Postmastectomy radiotherapy of the chest wall: dosimetric comparison of common techniques

Lori J Pierce, James B Butler, Mary K Martel, Daniel P Normolle, Tod Koelling, Robin B Marsh, Allen S Lichter, Benedick A Fraass
International Journal of Radiation Oncology, Biology, Physics 2002 April 1, 52 (5): 1220-30

PURPOSE: To compare seven techniques for irradiation of the postmastectomy chest wall (CW) using normal tissue complication probability (NTCP) predictions for pneumonitis and ischemic heart disease and dose-volume histogram analyses for normal and target tissues.

METHODS AND MATERIALS: Plan comparisons were performed for 20 left-sided postmastectomy CW RT cases using target volumes based on clinical delineation of standard field borders. Seven common treatment techniques were planned for each case, using a prescription of 50 Gy in 25 fractions to the CW and internal mammary node (IMN) targets. NTCP model metrics were used to quantify the risks of pneumonitis and ischemic heart disease, supplemented by dose-volume metrics to assess the target coverage to the CW and IMNs, as well as normal tissue dose (lung and heart).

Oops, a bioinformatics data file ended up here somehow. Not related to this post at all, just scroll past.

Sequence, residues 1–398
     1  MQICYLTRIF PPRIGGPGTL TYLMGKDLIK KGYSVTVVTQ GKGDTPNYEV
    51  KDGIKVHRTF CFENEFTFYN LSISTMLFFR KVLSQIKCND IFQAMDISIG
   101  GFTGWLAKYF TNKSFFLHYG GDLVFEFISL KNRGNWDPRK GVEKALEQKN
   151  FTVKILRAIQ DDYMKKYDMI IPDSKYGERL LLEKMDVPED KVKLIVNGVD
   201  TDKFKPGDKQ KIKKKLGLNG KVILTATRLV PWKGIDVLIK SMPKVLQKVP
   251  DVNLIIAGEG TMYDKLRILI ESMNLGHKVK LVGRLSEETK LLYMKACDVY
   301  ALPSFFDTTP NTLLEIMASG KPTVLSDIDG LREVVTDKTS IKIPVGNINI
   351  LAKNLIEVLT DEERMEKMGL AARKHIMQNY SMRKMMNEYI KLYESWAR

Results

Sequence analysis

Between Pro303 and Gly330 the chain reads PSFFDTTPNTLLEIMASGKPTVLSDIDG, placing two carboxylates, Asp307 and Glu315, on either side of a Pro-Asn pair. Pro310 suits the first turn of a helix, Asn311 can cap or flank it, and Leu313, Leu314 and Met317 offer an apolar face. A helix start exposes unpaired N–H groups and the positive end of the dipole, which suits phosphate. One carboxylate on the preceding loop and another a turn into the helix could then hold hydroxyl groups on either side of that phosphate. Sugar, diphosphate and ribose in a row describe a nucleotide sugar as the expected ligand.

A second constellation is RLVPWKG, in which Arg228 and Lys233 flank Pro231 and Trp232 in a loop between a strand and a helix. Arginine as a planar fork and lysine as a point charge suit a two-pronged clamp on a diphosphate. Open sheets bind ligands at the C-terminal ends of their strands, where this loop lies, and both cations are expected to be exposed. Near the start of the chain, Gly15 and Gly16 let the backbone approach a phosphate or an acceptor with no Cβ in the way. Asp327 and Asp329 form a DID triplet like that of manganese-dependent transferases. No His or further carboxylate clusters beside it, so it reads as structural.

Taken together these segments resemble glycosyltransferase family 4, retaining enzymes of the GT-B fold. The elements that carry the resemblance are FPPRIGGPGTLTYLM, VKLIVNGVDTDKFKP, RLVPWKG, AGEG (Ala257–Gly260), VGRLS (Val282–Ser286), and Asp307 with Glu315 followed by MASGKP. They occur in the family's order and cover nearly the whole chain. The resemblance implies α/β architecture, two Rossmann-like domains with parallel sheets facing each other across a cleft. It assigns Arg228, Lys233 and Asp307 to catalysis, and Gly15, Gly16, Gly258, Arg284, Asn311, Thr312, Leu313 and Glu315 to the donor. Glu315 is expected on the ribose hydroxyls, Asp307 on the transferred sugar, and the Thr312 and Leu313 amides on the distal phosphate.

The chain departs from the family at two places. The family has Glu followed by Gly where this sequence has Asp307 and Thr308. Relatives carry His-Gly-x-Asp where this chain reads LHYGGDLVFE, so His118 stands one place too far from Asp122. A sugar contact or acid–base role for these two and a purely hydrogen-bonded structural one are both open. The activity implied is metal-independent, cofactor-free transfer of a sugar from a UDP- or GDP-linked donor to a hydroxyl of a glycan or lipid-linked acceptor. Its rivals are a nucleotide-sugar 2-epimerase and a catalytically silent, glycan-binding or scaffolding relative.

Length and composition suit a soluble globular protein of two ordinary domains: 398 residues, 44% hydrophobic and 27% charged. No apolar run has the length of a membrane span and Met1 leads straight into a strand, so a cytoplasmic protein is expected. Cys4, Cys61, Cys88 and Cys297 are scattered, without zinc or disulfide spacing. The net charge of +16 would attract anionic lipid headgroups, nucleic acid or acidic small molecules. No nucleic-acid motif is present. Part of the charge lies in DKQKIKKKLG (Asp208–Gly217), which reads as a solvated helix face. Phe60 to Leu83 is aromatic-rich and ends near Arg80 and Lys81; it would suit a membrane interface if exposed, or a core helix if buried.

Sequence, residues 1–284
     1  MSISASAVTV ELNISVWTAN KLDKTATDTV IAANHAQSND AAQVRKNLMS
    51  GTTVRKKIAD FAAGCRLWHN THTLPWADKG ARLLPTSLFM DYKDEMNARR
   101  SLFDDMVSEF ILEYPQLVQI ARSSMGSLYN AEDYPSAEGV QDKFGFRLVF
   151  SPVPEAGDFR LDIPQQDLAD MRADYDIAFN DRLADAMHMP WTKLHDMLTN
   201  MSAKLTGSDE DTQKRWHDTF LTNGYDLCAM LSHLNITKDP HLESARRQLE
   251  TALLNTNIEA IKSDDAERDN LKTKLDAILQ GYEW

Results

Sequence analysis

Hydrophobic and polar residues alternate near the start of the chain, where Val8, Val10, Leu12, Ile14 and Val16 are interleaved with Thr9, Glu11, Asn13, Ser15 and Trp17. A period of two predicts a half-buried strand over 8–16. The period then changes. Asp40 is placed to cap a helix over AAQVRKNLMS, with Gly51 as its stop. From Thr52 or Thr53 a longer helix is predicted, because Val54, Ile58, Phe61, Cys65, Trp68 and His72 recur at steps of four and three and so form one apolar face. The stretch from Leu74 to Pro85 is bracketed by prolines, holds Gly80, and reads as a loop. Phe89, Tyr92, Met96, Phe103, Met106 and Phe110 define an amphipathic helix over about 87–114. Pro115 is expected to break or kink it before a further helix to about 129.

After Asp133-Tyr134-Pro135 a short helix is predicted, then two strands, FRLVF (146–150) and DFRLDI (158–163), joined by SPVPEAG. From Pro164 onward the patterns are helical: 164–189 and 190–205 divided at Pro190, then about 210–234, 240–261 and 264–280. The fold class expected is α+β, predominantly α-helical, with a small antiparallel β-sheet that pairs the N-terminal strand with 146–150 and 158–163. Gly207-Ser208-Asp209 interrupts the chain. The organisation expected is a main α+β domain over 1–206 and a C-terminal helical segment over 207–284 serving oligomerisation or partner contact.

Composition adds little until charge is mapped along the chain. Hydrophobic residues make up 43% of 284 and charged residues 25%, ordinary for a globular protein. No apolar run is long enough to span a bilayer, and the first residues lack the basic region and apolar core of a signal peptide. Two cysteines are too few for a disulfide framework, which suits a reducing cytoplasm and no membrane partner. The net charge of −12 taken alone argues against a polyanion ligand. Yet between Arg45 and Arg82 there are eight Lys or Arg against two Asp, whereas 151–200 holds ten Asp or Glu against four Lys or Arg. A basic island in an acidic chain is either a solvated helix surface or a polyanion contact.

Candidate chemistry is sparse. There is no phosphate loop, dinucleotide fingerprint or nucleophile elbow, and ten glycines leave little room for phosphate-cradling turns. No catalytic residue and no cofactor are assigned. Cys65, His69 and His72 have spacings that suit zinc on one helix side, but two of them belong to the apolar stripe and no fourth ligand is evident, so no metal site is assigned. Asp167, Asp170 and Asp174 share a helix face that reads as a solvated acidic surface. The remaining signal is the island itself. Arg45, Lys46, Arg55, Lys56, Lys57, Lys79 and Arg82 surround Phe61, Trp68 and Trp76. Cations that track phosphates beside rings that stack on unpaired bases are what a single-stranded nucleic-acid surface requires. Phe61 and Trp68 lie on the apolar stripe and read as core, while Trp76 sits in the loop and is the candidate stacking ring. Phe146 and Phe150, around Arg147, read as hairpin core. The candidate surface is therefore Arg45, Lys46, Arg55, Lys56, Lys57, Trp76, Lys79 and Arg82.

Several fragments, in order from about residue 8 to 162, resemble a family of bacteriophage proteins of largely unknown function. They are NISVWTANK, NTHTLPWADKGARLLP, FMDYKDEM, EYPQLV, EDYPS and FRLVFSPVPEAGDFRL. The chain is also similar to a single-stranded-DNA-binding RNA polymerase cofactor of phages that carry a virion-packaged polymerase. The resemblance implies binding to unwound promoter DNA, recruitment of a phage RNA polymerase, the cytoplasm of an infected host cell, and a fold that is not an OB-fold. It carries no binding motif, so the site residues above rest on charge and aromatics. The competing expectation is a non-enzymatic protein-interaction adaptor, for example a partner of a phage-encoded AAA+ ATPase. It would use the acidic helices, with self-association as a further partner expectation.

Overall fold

RESULTS: Overlap in the distributions of the CW mean dose for all plans was found, except cobalt, which was significantly less than the remaining techniques (global F test, F = 21.90, p <0.0001). Standard tangents produced a significantly lower IMN mean dose than all other methods, as expected (F = 59.55, p < 0.0001); the reverse hockey stick and cobalt techniques were lower than the other methods, which were statistically similar. Cobalt produced a significantly higher percentage of the heart that received >30 Gy (V30) than the other methods (F = 49.76, p <0.0001). Use of partially wide tangent fields (PWTFs) resulted in the smallest heart V30. Use of cobalt fields resulted in a significantly greater NTCP estimate for ischemic heart disease than all the remaining techniques (F = 70.39, p <0.0001). Standard tangents resulted in a percentage of the lung receiving >20 Gy (V20) significantly less than with PWTFs, 30/70 and 20/80 photon/electron mix, and reverse hockey stick techniques. NTCP estimates for pneumonitis revealed significantly better results with standard tangents (F = 6.57, p <0.0001).

CONCLUSION: No one technique studied combines the best CW and IMN coverage with minimal lung and heart complication probabilities. The choice of technique should be based on clinical discretion and the technical expertise available to implement these complex plans. Of the seven techniques studied, this analysis supports PWTFs as the most appropriate balance of target coverage and normal tissue sparing when irradiating the CW and IMN.

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